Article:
“For the five-year period 2010 to 2014, Los Alamos County posted the highest E/P ratio, at 62.3 percent,” DWS said. For the 2010–2014 period, the national rate was 57.7 percent, with New Mexico at 53.9 percent.

  • Business altruism pays off even when payoff isn’t the point

    For many businesses, philanthropic giving has an element of self-interest: It’s giving with the expectation of getting something back in the form of tax breaks and image building.

    But more and more businesses are discovering that unselfish giving has a value that’s immeasurable and that reverberates throughout the community, the workforce and the economy. 

    Community quality of life 

    Businesses that create and nurture an organizational culture based on gratitude can drive significant change that benefits everyone, not just their customers, especially if they can involve likeminded entrepreneurs.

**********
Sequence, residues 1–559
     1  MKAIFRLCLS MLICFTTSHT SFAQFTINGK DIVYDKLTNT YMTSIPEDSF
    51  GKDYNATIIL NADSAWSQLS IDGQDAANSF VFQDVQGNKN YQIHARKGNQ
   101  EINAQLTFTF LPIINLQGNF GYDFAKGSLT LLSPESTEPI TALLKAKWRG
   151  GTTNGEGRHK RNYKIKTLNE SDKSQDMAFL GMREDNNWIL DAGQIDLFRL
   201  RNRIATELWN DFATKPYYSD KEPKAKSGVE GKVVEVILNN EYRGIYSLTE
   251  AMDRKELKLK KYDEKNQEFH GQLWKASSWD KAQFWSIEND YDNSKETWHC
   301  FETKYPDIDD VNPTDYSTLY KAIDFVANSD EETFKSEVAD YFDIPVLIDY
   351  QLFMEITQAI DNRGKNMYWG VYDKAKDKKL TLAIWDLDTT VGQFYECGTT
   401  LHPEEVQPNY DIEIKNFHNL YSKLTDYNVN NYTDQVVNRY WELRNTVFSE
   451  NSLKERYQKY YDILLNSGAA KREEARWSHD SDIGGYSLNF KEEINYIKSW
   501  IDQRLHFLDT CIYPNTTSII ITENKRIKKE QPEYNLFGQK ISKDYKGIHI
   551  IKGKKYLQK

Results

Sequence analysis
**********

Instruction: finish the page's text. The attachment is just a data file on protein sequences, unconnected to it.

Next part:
When a business spearheads a project that solves a local problem or provides a public service, such as building a bike path or setting aside company land for habitat restoration, it demonstrates an investment in the city or town in which it’s based and a commitment to making the host community a better place for everyone to live and work. 

  • Letters to the Editor 11-11-16

    PEEC thanks community, volunteers for successful Pajarito Trail Fest race

    The Pajarito Environmental Education Center would like to thank the organizers, volunteers and runners of the Pajarito Trail Fest race for once again donating a portion of the proceeds to PEEC to help get kids outside.
    The Trail Fest is an amazing event for our community. Not only is it well-run, providing excellent support and fun for the participants, it gives back to many community groups.
    This year they gave out a total of $5,500. In the spirit of the Trail Fest, PEEC will use the funds given to get kids outside on the trails, both as part of school and for fun. We’re so grateful that the Pajarito Trail Fest has supported our work for many years. A special thank you to race director Petra Pirc for helping us to raise the next generation of trail lovers.
    Katherine Watson
    Executive Director, PEEC

    LAAC thanks community for Pumpkin Glow success

    On behalf of the Los Alamos Arts Council, I would like to thank the community for coming out and supporting the Pumpkin Glow.